Bypass Glitch Allows Malware to Masquerade as Legit Apple Files

Malware can to worm its way onto Macs thanks to a recently discovered code-signing bypass flaw.

Masquerading as an official Apple system file sounds like a wonderful way for malware to worm its way onto Macs – and a recently discovered code-signing bypass flaw allows bad code to do just that.

The way some developers have implemented Apple’s official code-signing API can be exploited by attackers. Essentially, Apple makes an API available to developers that want to create a security function that verifies Apple files as being legitimate (by making sure the file’s code is signed). However, many of these developers have not used the API properly, so it introduces a vulnerability into the security product or function that allows for unsigned malicious code to appear to be signed by Apple. The result is that malware can fool vulnerable security products and services into thinking that it’s just another legitimate Apple file – so it slips past their security checks and onto the targeted machine.

A host of security products, some open-source projects and security functions used by Google, Facebook and Yelp are among the affected code.

A Word About Code-Signing

Code-signing uses public key infrastructure to digitally sign files and bits of code in order to mark it as “trusted” and vendor-approved. In turn, verifying those signatures is a key process at the center of whitelisting, antivirus, incident response and threat-hunting efforts.

Okta, which reported the vulns, explained that in macOS, code-signing focuses on Mach-O files, which target a specific native CPU architecture within the Mac ecosystem. The bypass involves a lack of code-signing verification for Mach-O files that are gathered (or “nested”) into the Fat/Universal file format.

“This vulnerability exists in the difference between how the Mach-O loader loads signed code, versus how improperly used code-signing APIs check signed code,” explained Josh Pitts, staff engineer for Research and Exploitation at Okta, in an analysis released on Tuesday.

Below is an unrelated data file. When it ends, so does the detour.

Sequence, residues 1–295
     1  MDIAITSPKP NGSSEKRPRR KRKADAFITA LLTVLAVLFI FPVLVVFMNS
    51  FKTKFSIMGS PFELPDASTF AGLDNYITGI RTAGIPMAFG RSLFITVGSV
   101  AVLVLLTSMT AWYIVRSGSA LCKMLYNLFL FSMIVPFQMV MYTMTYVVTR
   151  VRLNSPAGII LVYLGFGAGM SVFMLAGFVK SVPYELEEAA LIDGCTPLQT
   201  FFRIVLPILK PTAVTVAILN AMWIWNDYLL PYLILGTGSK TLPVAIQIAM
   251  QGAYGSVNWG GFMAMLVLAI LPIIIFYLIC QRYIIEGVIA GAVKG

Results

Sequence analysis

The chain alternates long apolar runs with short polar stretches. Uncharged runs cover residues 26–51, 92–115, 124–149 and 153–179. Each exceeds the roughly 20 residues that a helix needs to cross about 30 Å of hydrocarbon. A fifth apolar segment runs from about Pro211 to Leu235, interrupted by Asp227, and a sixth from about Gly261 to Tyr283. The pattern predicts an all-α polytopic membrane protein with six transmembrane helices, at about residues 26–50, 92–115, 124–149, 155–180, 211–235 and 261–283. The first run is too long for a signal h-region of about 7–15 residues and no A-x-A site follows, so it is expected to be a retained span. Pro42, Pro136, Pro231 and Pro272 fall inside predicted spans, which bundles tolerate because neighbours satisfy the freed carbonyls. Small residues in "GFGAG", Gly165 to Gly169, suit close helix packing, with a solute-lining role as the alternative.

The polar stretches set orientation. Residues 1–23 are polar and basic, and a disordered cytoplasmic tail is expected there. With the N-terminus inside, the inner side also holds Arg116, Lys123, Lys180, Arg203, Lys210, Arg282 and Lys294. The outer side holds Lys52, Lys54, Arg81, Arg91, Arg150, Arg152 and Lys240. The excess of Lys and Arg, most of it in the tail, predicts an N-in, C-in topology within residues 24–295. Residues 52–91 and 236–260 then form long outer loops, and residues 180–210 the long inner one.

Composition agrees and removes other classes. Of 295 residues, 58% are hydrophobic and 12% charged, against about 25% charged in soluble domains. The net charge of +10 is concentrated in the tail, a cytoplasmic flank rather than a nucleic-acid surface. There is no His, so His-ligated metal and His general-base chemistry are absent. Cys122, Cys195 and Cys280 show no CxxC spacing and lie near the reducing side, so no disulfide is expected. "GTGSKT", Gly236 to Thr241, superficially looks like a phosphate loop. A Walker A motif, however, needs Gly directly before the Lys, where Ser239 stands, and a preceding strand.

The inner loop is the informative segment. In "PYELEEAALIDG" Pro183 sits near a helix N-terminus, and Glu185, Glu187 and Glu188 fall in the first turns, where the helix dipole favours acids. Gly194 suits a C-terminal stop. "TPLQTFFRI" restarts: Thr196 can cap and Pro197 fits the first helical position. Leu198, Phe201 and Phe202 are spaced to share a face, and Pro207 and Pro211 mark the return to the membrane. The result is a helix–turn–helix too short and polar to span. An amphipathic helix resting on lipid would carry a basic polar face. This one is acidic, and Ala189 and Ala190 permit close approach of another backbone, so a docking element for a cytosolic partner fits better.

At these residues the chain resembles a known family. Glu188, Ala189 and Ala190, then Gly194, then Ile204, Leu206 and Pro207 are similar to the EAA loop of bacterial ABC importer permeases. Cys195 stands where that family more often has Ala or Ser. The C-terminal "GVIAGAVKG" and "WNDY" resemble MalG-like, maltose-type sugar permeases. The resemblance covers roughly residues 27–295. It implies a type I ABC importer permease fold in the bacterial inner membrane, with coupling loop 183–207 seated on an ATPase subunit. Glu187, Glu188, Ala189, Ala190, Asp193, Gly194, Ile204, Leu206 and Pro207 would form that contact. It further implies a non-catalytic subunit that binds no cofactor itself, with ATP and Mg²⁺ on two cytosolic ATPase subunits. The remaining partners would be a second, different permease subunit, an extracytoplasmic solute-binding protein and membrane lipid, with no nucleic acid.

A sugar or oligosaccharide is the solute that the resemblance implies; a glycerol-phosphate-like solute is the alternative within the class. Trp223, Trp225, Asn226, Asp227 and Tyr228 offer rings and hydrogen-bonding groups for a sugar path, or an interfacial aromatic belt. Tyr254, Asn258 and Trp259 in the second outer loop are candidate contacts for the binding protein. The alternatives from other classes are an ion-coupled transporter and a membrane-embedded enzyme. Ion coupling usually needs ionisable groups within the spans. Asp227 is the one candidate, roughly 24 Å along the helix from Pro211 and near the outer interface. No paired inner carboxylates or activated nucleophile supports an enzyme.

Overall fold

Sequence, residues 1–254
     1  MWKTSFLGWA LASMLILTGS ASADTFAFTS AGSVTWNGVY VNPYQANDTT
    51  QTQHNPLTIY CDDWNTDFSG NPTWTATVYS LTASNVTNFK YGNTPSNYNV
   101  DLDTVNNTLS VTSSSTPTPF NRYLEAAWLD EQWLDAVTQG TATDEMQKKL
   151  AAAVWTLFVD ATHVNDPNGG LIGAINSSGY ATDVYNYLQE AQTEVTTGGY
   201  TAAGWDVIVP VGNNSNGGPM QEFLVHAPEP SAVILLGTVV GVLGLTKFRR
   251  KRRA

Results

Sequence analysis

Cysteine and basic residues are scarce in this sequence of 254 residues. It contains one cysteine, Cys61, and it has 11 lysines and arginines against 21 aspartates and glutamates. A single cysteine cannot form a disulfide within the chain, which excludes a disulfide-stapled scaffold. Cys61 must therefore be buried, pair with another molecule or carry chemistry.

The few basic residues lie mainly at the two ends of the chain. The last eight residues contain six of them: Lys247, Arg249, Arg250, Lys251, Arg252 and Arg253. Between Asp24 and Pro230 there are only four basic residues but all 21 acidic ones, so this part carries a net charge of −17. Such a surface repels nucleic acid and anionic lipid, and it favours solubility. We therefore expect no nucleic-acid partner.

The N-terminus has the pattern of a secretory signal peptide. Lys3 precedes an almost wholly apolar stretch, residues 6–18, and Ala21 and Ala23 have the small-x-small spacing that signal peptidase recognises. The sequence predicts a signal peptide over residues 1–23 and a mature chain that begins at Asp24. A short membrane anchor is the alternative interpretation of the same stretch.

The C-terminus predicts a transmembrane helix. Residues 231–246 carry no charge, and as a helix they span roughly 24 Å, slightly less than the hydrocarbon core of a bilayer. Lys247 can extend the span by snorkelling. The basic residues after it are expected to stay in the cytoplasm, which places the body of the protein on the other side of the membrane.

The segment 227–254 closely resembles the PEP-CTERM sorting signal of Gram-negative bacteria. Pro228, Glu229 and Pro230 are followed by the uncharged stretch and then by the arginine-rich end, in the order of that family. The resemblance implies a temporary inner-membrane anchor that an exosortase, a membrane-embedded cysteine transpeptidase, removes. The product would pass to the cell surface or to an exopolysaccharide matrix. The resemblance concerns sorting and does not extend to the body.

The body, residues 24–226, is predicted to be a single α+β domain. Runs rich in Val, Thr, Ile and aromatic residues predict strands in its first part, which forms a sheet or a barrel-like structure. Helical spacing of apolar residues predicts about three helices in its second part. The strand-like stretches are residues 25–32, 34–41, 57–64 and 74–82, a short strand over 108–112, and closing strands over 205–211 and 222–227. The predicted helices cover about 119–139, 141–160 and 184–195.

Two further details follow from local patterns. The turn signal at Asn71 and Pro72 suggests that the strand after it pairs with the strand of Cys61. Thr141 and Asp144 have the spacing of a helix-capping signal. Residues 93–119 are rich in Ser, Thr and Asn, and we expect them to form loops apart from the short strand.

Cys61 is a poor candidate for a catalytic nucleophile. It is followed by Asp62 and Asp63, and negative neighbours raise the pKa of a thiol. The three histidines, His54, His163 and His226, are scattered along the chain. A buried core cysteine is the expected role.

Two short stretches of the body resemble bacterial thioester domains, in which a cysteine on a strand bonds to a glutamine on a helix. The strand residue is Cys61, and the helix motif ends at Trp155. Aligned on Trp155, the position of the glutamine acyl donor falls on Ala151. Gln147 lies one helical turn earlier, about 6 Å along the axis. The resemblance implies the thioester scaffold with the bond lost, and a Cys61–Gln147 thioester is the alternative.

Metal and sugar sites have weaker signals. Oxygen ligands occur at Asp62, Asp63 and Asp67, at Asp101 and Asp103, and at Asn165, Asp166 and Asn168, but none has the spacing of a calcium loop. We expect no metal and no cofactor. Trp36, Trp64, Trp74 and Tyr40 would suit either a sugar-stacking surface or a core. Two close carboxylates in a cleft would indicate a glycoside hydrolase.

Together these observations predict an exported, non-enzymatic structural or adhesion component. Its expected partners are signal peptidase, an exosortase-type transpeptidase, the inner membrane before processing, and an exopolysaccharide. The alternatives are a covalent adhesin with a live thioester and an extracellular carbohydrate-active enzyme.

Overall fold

Making the Exploit Work

For the exploit to be successful, the first Mach-O binary in the Fat/Universal file must be legitimately signed by Apple; malicious binaries can then be appended (they must be ad-hoc signed and i386-compiled for an x86_64-bit target macOS, Pitts said).

The legitimate file also has to have the CPU type in the Fat header set to a format that’s invalid or not native to the platform (for example, PPC). By doing this, the Mach-O loader will skip over the validly signed Apple binary and instead execute the malicious code.

Meanwhile the code-signing API (Pitts tested “SecCodeCheckValidity”) will check the first binary – the legitimate Apple file – but will not check the certificate authority root of trust for the malicious file, instead marking it as approved and verified.

The researcher’s initial proof of concept demonstrated the ease by which the exploit works: It “does not require admin access, does not require JIT’ing code or memory corruption to bypass code-signing checks. All that is required is a properly formatted Fat/Universal file, and [then] code-signing checks [are returned as being] valid.”

The code-signing APIs contain flags that are supposed to ensure that all of these files are cryptographically signed. “However, these APIs fall short by default, and third-party developers will need to carve out and verify each architecture in the Fat/Universal file and verify that the identities match and are cryptographically sound,” Pitts said. He added that fixes are the “developer’s responsibility.”

Patches But Further Concerns

Known affected vendors and open-source projects have been notified and patches are available. These include: Carbon Black (CVE-2018-10407); Facebook (CVE-2018-6336); F-Secure (CVE-2018-10403); Google (CVE-2018-10405); Objective Development (CVE-2018-10470); Objective-See (CVE-2018-10404); VirusTotal (CVE-2018-10408); and Yelp (CVE-2018-10406).

“However, more third-party security, forensics and incident response tools that use the official code-signing APIs are possibly affected,” Pitts warned, advising developers to use his PoCs to check their code.

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